Glacier hikes, puffin sightings, thundering waterfalls, and geothermal wonders: there is so much to be excited about when planning a trip to Iceland!
A trip to the Land of Fire and Ice is truly a vacation like no other, and we were smitten with it from the moment the plane touched down and we got to admire the lupines growing along the runway (seriously).
Iceland is an incredibly unique destination and offers a magnificent array of once-in-a-lifetime travel experiences, all in a (fairly) compact location.
However, to best take advantage of all that beauty within a limited time frame, you’ll need to do quite a bit of planning before you take off on your first trip to Iceland.
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While you could certainly arrive with little advance planning and see some incredible sights, experiencing the best things to do in Iceland isn’t as easy as hitting the open road with no (literal or figurative) plan.
The country’s extreme popularity coupled with rural attractions and weather unlike what most people experience in their day-to-day lives means that you’ll have a much better time if you carefully plan your trip to Iceland!
Follow this step-by-step Iceland travel checklist, and you’re bound to have an unforgettable adventure when visiting Iceland for the first time.
Step 1: Check visa and entrance requirements.
Toto, it is definitely not 2019 anymore: while checking visa and entrance requirements has always been important before visiting a foreign country, it’s safe to say that we’ll all be paying a bit more attention to it in years to come than we did pre-2020!
As of late 2023, there are no travel restrictions to visit Iceland–but just in case, this official website provides up-to-date requirements for entering Iceland, including any testing requirements.
Icelandair also has a detailed page on entry requirements.
Don’t forget to check any requirements that your home country has for returning, too!
In addition to these more topical necessities, don’t forget the usual needs, like having more than 6 months of validity left on your passport.
Step 2: Book your flights (the biggest step when planning a trip to Iceland!).
Without a doubt, booking flights is one of the most exciting parts of planning a trip to Iceland (or anywhere else)!
Once you book flights, your trip is official and you can start building the details of your adventures in Iceland around the states of your flights.
If your dates are somewhat flexible, we suggest checking prices a few days before and a few days after your intended arrival and departure dates when shopping for flights to Iceland.
You never know what deals you may happen to come across!
As the vast majority of all international flights in Iceland go through Keflavik International Airport in Reykjavik (KEF), shopping for flights to Iceland is a fairly straightforward process.
Step 3: Reserve your rental car (and read the fine print).
While some travelers to Iceland may choose to base themselves in Reykjavik and only take organized tours outside the city, for most visitors, visiting Iceland means that it is time for a road trip!
Whether you want to drive Iceland’s legendary Ring Road (it’s incredible), explore the popular South Coast in-depth (also incredible), or get off the beaten path in places like the remote Westfjords (again, incredible), renting a car will deeply enhance your trip to Iceland.
Given Iceland’s extreme seasonality, rental cars can be a bit of a hot commodity in the summer, so book as far in advance as you can!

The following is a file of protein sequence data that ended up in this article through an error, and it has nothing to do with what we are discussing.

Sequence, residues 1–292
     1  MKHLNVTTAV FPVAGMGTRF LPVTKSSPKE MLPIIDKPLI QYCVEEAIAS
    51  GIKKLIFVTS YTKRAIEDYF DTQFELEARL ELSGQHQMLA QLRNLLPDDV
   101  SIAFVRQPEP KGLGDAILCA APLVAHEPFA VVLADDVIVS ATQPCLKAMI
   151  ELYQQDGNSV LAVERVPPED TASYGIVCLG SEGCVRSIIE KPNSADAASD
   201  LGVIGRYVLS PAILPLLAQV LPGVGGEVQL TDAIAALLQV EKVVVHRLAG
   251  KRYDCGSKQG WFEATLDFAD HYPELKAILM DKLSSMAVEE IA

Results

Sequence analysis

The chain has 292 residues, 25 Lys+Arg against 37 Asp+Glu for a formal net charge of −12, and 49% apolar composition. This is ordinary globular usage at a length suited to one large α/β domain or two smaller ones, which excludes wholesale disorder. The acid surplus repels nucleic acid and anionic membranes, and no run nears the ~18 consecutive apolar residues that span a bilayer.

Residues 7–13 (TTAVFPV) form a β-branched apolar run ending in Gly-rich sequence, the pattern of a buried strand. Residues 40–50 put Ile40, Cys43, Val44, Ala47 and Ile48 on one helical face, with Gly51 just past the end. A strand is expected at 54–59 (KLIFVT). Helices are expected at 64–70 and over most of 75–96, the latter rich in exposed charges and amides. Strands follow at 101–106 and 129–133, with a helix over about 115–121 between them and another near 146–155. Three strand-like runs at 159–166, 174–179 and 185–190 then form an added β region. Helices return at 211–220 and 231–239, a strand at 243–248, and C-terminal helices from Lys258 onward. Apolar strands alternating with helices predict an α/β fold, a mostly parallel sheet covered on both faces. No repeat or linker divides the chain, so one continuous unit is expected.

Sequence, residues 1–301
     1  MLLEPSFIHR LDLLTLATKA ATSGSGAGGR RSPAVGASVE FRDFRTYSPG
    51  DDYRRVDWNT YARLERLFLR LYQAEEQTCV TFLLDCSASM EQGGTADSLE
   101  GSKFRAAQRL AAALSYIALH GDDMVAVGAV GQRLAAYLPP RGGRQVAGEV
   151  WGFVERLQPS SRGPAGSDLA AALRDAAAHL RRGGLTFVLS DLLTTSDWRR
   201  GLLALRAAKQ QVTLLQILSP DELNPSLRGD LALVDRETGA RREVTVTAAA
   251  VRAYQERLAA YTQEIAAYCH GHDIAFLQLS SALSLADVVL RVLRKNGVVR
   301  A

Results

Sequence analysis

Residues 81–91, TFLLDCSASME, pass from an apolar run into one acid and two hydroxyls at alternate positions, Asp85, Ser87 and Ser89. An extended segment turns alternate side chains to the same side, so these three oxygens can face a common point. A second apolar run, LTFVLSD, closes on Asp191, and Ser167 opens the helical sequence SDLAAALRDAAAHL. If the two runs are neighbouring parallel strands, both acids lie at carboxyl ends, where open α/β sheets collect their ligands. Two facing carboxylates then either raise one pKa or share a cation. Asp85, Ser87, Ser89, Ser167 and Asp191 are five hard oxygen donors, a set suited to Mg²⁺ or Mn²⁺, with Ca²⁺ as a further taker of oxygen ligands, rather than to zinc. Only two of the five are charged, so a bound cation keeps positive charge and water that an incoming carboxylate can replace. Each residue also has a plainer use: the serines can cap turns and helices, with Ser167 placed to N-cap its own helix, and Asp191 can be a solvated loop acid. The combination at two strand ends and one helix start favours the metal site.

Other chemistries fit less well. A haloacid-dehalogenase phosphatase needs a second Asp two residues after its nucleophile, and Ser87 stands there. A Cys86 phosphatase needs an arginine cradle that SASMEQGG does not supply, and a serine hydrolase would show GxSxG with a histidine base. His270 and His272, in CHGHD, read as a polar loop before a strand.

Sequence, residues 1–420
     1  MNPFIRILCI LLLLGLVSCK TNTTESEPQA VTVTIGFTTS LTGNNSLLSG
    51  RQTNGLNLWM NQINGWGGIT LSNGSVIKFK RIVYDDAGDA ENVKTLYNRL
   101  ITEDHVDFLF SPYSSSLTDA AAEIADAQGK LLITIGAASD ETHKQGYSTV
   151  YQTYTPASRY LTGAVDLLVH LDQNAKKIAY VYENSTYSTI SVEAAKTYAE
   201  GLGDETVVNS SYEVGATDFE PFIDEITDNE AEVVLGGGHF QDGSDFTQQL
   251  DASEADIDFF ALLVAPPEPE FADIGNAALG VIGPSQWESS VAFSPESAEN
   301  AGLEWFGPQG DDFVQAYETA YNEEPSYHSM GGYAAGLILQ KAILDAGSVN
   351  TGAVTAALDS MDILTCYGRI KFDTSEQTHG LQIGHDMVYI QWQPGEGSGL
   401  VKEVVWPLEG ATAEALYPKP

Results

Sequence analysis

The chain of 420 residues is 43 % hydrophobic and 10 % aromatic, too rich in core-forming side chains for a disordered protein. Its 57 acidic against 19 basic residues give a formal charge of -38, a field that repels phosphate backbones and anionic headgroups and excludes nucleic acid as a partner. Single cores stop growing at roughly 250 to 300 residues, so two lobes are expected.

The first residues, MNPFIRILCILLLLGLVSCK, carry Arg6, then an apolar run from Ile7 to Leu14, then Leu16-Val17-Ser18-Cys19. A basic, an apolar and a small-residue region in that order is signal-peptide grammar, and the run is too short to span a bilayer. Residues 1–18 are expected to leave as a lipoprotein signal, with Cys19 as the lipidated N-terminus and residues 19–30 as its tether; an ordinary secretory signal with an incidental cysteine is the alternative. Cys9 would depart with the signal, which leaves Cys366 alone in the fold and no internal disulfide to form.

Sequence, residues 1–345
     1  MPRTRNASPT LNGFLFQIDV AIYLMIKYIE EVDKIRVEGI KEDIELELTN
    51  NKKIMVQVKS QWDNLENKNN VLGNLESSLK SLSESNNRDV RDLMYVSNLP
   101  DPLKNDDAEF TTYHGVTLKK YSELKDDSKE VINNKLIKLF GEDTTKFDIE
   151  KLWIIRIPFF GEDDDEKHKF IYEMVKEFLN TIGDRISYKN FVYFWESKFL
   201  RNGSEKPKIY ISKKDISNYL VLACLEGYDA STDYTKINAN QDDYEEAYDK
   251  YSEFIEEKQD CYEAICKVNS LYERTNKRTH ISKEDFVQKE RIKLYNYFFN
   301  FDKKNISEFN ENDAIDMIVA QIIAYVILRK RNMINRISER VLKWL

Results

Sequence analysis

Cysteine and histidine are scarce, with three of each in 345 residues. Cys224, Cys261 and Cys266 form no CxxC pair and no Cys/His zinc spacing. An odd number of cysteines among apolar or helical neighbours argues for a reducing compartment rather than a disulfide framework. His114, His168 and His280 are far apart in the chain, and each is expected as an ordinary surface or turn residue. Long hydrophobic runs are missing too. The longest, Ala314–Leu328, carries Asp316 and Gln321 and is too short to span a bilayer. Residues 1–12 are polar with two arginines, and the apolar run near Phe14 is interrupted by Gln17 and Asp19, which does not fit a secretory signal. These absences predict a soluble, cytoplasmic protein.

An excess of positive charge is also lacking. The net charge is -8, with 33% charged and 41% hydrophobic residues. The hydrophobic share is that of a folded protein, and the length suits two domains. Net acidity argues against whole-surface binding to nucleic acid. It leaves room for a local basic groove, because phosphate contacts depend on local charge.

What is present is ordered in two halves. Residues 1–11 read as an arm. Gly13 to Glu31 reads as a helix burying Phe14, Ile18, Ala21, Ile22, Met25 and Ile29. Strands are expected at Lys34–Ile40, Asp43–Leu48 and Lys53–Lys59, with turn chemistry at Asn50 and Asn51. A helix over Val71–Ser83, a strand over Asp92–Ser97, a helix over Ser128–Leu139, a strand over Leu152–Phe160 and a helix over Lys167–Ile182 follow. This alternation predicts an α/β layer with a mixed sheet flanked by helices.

We use and recommend Discover Cars to find out which company has the most competitive prices and best rental contracts.
On our recent Iceland road trip, the best choice ended up being Global Rent a Car, and we had a great experience with them.
Wondering if you need to rent a vehicle with 4-wheel drive?
For a traditional Ring Road itinerary, a standard 2-wheel drive vehicle is just fine–but to drive on Iceland’s unpaved “F” roads, 4-wheel drive is required!
We made use of our 4-wheel drive option several times on our road trip, but I wouldn’t consider not having one a dealbreaker unless you have your heart set on driving yourself into the Highlands or to a particular offbeat spot.
We would’ve had a great trip to Iceland with or without F-road access!
Step 4: Plan your Iceland itinerary.
With a seemingly limitless number of beautiful places to explore, there are as many possible Iceland itineraries as there are visitors!
A few tried-and-true options, though, include these amazing routes.
Iceland Ring Road Trip
The most classic Iceland itinerary, a Ring Road trip is perfect for visitors who have 10+ days in Iceland and want to see it all.
This is what we did, and honestly, we plan to go back and do it again one day–maybe more than once.
From the iconic attractions of South Iceland to the lesser-visited corners of the Eastern Fjords and North Iceland, the Ring Road makes for an incredible Iceland vacation.
Iceland South Coast Road Trip
Have a week or less in Iceland and want to take an epic road trip?
Try the popular South Coast!
This is where you’ll find many of Iceland’s most famous attractions, such as Jökulsárlón Glacier Lagoon, Vatnajökull National Park, and the iconic Skógafoss–just to name a few!
Only have a few days in Iceland?
While we’d always recommend a longer trip to Iceland if possible, for the right traveler, even a 3-4 day Iceland vacation is well worth the effort it takes to get there.
Step 5: Finalize your Iceland travel budget.
There’s simply no getting around this one: taking a trip to Iceland is expensive!
To save money when traveling to Iceland on a budget, you can make some concessions like shopping in grocery stores for food (and eating lots of gas station hot dogs–a must-have Iceland experience on any budget), staying in basic lodging, and prioritizing only the experiences that are important to you.
But… even with all that, the price tag is still high.